That Moment

It’s day 8 here at National Blog Writing Month and we’re rolling like tumbleweeds in a spaghetti western.  I’ve missed two days so far but today is going to make up for those two days in which I stared at the computer screen and talked to it as if it would listen to me and provide the inspiration to lay down some literary loquaciousness on the keys.  Yes, I just used a   14 letter word as a adjective to describe writing.  I’m a English geek with some nerd tendencies.  I blame my parents.

Which is true.  They are probably to blame for some of my oddness.  Some of it.  Not all it.  That much oddness is an oddity in itself.  How many ways can I work the word odd and it’s various forms into a sentence?  See the sentence before this one for an example of my “odd”.  Moving on!

There are many things your parents don’t tell you until you’re old enough to handle.  Certain things like, “You’re a test tube baby” or “your father is Mitt Romney” are best broke to children when they’re capable of processing the cray cray that you’re about to lay on them.  It’s those moments where entire realities shift and the world literally changes.  And for some of us those revelations are minor and require little to no therapy.  Other times the repeated regimen of extreme electric shock therapy will never help heal the hurts of the revelations.

There are two revelations that shook the very foundation of my existence.  One was that I my parents didn’t think I was ready for kindergarten so they put me in a year late.  And so I was always older and taller than the kids in my classes.  This would have been great if I was Tatum Channing.  I would never have had problems having dates or girlfriends.  My tallness or oldness would have been glossed over because…well, have you seen Mr. Channing?

The point is that God has a sense of humor and instead of Channing it was Urkel.  And so my awkward and pimply faced nerd with a heavy case of the geek was a klutz because again – God has a sense of humor.  When I look back I realize it wasn’t the worst thing that could have happened.  I managed to get through the middle school years (that’s a story for another post) and discover that Urkel did fit in somewhere in High School.  Between a brief stint in marching band and my theatre technician addiction I managed to get beyond being the bigger and older.  Until my folks told me why I was that way.  Which took all of a few minutes to get over.  But in that moment of hearing it there were all kinds of unkind questions running through my mind.  Was I stupid?  Was I smart?  Would I ever get over that middle school crush?  And would my seizure like dancing ever truly be healed?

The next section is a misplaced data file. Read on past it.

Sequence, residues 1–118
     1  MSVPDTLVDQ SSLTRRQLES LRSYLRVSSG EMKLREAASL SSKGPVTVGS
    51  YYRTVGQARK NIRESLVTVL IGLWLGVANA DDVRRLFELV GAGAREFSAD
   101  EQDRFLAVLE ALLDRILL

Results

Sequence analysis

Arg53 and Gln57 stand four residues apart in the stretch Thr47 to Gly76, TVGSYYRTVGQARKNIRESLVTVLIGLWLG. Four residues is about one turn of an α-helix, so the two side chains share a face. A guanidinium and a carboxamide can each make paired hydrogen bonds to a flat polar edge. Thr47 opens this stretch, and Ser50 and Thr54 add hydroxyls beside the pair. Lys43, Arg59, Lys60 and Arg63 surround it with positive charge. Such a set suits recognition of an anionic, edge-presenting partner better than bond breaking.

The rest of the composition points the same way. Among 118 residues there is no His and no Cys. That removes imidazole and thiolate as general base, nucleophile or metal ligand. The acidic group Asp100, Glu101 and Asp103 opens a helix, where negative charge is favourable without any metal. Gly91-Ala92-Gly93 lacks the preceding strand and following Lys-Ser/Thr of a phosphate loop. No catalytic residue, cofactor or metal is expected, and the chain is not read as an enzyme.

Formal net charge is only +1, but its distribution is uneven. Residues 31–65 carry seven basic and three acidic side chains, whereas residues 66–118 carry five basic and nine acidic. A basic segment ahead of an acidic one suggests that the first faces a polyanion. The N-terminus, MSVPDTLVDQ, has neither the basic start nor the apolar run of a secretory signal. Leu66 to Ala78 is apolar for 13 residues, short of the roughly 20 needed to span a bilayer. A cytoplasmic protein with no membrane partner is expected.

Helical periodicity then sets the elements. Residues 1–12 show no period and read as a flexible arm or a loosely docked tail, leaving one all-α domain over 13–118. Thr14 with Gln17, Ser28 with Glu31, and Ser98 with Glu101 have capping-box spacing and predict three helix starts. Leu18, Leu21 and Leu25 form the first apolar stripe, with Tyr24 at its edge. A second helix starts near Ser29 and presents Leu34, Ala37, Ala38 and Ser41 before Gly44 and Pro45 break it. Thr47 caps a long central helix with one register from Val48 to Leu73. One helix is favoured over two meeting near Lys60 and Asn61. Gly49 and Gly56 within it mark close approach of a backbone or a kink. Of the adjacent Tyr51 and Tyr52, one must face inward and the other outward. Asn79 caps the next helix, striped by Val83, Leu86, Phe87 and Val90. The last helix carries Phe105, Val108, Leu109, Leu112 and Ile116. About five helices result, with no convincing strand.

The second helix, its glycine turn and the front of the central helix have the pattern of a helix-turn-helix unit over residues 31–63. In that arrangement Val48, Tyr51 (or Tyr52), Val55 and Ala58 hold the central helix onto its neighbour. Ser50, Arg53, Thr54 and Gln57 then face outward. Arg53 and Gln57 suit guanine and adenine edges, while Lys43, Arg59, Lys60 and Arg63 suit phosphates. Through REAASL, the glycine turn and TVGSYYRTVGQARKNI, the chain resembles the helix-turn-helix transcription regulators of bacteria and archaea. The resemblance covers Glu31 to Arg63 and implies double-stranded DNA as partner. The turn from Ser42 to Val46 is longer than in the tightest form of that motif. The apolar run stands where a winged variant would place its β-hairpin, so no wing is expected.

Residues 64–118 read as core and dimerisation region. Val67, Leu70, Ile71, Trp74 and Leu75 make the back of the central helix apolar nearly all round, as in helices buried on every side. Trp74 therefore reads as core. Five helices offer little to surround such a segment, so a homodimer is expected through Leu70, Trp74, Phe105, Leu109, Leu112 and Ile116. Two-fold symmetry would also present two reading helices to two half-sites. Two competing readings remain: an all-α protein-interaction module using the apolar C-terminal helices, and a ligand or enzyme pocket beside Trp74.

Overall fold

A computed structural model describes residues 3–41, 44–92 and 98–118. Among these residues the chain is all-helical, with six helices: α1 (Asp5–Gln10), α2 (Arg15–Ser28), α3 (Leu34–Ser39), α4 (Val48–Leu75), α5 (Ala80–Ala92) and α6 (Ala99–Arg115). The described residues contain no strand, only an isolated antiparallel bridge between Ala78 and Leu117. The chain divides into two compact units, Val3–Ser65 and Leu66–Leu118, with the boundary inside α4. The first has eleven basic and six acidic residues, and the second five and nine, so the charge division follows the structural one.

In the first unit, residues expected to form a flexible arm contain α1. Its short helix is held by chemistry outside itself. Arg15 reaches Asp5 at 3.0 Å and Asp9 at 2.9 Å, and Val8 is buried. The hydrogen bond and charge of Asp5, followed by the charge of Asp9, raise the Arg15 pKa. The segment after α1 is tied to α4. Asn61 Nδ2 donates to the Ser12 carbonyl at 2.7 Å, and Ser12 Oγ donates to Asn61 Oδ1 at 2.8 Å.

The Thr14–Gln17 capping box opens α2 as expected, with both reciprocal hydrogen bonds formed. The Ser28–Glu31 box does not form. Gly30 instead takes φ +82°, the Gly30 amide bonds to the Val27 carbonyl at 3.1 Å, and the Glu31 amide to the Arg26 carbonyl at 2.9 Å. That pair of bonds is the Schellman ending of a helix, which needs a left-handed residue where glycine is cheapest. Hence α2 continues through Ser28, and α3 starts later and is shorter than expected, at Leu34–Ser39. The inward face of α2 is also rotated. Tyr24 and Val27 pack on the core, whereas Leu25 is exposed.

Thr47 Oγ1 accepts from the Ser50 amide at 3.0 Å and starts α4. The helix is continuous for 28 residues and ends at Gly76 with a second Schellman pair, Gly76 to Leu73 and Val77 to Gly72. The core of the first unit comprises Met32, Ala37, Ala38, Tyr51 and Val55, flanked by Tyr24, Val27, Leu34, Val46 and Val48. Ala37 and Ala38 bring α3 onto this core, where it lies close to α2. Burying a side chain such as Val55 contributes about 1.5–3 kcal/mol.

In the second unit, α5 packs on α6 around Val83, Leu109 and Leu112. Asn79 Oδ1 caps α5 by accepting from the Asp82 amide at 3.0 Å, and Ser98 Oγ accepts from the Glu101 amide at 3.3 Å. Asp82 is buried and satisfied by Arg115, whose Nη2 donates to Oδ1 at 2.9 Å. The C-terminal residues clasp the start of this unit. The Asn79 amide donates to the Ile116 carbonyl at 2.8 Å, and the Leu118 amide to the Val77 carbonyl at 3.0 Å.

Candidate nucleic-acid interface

The second revelation was that I was dropped on my head as a child.  Off a JC Penny changing table.  To hear my parents tell the story is to recount the greatest horror any parent has ever witnessed in their entire career as a loving caregiver.  The ironic-al part is that when the story is truthfully told from start to finish it wasn’t them that dropped me on my head as a child.

It was me.  I dropped myself on my head as a child.  I was turning and moving on the changing table.  Mom turned her eyes away for no longer than a milli-second or a blink of an eye.  And in that moment my ninja jedi powers activated and I rolled off the table and fell headfirst into the hard bathroom floor.  Apparently the tears combined with the look I gave my poor mother was akin to, “WHY!?!?!??!?!” and she never let me out of her sight again.  I’m sure our parents have plenty of stories they don’t relate to us for the simple fact that the scars would be just about too much to handle.

There’s plenty of other stories about my insanity.  How I was de-pantsed in front of the entire elementary school play ground which then required the 15 or so of us directly involved to be called into a meeting with the principal.  Or how I was climbing to the top of a tree near my house and lost my footing and fell hitting every single branch on the way down before crashing to the ground in a heap of embarrassment.  Or the time I broke my arm running across the ice slicked campus of Montana State University despite my parents telling me not to run.  I was like three.  Or the time I broke my other arm running full on into a parked car.  Tag was involved but my ability to pull hard to port was lacking.  Or that time I farted like a nuclear explosion four times in a row in the middle of a assembly featuring George Washington.

I’ve had plenty of those moments in my life.  Pretty sure there’s more to come.  What about you?

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It’s day 8 of National Blog Writing Month – and it’s going amazing.  Check out all the blogs blogging through the month and give ‘em a read!

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